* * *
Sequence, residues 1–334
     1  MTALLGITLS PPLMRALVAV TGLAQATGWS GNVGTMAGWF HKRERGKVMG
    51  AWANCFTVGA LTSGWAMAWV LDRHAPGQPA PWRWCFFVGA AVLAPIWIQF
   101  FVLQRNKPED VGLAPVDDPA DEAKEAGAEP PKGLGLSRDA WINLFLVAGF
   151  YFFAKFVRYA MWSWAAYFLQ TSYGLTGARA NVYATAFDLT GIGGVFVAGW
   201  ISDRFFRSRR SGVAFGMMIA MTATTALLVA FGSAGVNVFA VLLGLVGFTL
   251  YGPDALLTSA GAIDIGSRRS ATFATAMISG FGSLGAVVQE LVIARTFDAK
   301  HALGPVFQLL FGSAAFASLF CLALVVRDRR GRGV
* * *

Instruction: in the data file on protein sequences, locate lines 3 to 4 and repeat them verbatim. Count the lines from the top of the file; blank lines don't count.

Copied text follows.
    51  AWANCFTVGA LTSGWAMAWV LDRHAPGQPA PWRWCFFVGA AVLAPIWIQF
   101  FVLQRNKPED VGLAPVDDPA DEAKEAGAEP PKGLGLSRDA WINLFLVAGF